Working from home has become the new norm for many of us. Unfortunately, cybercriminals tend to go where …
2017 has been a landmark year for cybersecurity – if only in terms of how sophisticated and massive the attacks have been on our computers and servers. And while there isn’t a specific attack that affected our own devices, trends indicate that it’ll only be a matter of time, and content access is the battleground.
But life – and the internet – still goes on. And in order for to still comfortably and securely use the cyberspace we call our virtual home, it’s important to stay vigilant and up to date with the latest developments and security issues that have happened so far.
So here are the three biggest cybersecurity disasters so far this year, ranging from malware to information leaks to simple cyber disruption.
Ransomware has been one of the earliest cyberattacks developed in hackers’ arsenal, but the caveat of being traceable via the ransom demand made it a very unusual attack vector and was rarely seen for the past decade.
However, with the proliferation of untraceable online currency such as BitCoin (whose value continues to rise over time,) ransomware has returned with a vengeance, attacking the most vulnerable industries. In particular, two attacks come to mind: WannaCry and the Petya malwares.
WannaCry was a malware that used an exploit in the Windows system called EternalBlue. While the software giant released a patch for this vulnerability, plenty of systems didn’t install it and were ended up getting hit as a result: in particular, institutions like hospitals in the UK. The Petya ransomware followed a month after, and while based on the same attack vector that WannaCry had, it was sufficicently more sophisticated and localized: attacking only connected systems within the country of Ukraine.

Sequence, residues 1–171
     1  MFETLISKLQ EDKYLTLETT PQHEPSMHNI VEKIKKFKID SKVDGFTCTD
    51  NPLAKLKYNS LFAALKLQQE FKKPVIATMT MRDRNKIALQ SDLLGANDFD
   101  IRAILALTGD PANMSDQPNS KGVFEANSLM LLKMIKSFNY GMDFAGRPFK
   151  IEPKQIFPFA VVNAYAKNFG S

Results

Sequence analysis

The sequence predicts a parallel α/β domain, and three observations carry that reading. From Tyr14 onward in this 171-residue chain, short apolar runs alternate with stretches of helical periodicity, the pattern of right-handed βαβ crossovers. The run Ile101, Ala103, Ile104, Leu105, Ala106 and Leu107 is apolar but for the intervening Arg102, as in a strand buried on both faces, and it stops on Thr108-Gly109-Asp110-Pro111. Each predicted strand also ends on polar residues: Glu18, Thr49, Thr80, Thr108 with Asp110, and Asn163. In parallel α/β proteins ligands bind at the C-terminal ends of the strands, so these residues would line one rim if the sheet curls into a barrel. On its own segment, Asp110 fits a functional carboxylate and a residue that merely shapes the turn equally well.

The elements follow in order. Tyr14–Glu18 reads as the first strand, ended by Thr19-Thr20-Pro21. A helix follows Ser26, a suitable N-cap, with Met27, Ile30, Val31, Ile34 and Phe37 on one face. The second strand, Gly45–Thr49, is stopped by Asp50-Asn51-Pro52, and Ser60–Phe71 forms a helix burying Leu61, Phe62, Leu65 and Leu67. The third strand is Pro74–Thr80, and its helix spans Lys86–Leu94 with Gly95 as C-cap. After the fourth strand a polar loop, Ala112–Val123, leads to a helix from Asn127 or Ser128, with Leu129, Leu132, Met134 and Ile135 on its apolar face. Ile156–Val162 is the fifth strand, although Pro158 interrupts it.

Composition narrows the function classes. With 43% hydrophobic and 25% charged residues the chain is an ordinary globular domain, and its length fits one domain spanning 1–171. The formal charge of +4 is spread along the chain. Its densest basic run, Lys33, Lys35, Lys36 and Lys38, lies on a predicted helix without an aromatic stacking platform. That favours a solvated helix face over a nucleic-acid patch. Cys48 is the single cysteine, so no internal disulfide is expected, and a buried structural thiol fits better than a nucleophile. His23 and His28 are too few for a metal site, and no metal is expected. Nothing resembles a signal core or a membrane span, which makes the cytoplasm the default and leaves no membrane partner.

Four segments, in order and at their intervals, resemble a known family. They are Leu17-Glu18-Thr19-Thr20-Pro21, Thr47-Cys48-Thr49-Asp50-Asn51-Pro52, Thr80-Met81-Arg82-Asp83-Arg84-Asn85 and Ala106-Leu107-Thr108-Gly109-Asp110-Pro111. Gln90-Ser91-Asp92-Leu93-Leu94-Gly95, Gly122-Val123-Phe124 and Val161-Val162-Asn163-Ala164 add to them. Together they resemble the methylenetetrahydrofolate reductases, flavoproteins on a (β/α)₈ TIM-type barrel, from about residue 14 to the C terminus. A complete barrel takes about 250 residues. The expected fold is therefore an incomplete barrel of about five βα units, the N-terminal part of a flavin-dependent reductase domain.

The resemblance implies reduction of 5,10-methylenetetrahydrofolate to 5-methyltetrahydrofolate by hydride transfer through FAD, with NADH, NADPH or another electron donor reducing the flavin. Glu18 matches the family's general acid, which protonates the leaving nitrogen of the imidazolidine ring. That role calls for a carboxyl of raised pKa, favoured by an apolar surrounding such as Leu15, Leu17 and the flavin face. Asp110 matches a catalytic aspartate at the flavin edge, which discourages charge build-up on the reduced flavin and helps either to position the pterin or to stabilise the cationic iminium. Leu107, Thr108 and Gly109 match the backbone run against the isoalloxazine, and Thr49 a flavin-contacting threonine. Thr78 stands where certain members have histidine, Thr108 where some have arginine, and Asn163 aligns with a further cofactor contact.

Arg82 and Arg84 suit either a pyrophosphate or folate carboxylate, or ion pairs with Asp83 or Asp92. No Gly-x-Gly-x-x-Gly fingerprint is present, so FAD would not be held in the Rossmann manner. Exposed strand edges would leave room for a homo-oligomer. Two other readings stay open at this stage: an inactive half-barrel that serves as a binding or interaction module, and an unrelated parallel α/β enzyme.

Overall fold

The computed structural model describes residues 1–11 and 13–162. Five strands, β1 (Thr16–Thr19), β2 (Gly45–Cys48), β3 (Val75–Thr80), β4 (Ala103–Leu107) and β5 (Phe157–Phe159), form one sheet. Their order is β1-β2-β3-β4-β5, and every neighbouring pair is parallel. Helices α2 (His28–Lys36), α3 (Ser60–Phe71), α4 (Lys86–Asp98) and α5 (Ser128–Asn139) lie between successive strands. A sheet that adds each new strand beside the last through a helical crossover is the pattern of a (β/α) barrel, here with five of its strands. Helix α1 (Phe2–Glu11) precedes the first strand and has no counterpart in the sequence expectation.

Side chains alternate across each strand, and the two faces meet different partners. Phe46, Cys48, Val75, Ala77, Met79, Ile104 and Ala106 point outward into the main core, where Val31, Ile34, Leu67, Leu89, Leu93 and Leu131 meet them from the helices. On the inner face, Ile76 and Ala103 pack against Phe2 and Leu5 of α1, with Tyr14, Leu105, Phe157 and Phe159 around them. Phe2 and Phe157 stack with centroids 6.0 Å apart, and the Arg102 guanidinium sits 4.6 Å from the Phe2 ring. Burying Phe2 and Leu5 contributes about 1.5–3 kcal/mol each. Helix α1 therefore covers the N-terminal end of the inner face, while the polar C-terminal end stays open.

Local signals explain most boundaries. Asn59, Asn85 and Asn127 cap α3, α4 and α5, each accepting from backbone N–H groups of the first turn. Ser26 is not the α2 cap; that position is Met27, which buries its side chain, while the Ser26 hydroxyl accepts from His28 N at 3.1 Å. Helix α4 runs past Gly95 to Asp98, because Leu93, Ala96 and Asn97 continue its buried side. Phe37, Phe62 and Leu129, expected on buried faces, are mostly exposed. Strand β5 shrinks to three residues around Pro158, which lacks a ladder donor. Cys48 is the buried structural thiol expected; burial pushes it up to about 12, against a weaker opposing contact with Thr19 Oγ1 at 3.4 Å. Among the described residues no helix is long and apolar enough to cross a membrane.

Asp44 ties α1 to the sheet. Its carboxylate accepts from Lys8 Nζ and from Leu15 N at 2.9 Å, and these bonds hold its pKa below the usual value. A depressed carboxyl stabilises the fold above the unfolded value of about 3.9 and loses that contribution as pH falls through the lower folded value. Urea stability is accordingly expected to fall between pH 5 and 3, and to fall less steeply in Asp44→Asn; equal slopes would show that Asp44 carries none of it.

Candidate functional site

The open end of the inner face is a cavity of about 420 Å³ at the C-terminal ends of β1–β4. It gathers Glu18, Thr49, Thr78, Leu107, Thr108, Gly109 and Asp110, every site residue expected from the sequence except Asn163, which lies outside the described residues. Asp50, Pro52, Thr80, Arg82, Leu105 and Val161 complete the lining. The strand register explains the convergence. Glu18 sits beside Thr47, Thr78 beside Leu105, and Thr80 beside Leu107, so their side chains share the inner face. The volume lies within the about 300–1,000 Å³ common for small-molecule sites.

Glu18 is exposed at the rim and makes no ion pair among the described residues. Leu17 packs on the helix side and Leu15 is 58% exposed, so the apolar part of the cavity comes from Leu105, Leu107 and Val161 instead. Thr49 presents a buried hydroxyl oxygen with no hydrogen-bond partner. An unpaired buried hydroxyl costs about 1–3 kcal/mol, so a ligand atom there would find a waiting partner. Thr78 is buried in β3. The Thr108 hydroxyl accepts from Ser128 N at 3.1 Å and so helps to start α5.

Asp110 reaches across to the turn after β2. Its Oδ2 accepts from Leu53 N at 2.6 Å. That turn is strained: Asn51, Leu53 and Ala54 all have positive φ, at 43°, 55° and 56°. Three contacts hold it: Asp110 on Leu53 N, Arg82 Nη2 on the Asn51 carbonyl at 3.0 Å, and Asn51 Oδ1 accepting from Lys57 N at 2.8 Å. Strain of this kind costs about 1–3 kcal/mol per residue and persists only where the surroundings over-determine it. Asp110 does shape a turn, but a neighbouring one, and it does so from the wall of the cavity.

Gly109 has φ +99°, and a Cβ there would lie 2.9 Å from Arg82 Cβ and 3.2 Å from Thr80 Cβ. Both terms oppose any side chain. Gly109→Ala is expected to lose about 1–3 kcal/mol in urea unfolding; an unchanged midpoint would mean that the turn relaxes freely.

While the biggest leak of information in happened to do with the US presidential elections last year, this kind of attack has continued to affect the political and social landscape of other countries.
In particular, two days before the French presidential runoff this year, hackers targeted En Marche!’s frontrunner (and now President) Emmanuel Macron’s campaign, releasing a compilation of emails and other confidential information that threatened to compromise the party and his own legitimacy.
Fortunately, Macron’s campaign had been keeping a close eye on what happened with the US’s own experience with such an attack, and while the leak was timed when En Marche! and all the other parties were barred from letting their candidates publicly speak, Macron was able to issue a response via his campaign condemning the attacks, as well as cautioning the public against being swayed by such measures.
At the heart of these attacks lie covert operatives or organisations that seek to sow confusion and paranoia among the internet’s users, either for personal gain or to influence the geopolitical landscape of the world.
Such organisations have normally been based around the greater Asiatic region – for example, Chinese hackers attempting to infiltrate Western security systems and North Korean hackers being the suspected masterminds for some of the aforementioned ransomware attacks.
One particular group called the Shadow Brokers made their biggest step in April of this year, releasing a batch of tools that would allow other criminal groups to take advantage of vulnerabilities within software systems for their own purposes. Some of the tools in this release was used to develop the ransomwares WannaCry and Petya – pointing to one further theory that more attacks may be coming.
These three attacks aren’t the only vulnerabilities that have been discovered and exploited this year. There are plenty more that have happened, and it’s reasonable to assume that more are on the their way. But perhaps by knowing these attacks and what led to their rise, users can protect their systems and their data much better.
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